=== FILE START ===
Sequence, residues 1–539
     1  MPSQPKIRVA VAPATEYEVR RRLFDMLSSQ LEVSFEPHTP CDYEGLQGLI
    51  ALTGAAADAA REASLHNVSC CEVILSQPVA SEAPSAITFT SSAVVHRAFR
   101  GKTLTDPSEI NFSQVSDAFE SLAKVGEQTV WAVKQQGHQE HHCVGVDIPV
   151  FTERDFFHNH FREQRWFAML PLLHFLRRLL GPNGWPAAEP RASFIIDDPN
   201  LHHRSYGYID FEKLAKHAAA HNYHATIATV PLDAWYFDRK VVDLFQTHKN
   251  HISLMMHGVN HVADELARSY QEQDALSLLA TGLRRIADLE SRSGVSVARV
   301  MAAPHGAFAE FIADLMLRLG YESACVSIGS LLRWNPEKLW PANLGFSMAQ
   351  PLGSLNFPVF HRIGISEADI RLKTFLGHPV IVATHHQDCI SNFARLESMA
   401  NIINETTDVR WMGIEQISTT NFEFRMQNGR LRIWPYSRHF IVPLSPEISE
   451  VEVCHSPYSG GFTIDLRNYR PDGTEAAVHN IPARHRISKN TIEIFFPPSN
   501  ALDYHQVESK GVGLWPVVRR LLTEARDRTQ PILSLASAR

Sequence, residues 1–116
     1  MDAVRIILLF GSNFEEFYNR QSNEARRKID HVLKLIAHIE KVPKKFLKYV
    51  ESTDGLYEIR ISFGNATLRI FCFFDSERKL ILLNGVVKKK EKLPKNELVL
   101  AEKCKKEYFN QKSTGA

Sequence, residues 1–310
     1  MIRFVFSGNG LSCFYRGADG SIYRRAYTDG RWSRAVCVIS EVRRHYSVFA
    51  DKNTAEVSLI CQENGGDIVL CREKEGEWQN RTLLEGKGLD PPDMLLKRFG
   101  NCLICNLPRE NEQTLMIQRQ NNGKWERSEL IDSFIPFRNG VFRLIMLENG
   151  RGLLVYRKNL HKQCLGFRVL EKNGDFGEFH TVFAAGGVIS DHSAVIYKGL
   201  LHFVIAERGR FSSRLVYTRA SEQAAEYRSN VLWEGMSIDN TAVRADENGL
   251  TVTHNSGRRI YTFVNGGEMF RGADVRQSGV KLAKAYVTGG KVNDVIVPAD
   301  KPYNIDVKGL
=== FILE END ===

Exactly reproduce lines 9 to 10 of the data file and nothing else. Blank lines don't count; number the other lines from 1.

   351  PLGSLNFPVF HRIGISEADI RLKTFLGHPV IVATHHQDCI SNFARLESMA
   401  NIINETTDVR WMGIEQISTT NFEFRMQNGR LRIWPYSRHF IVPLSPEISE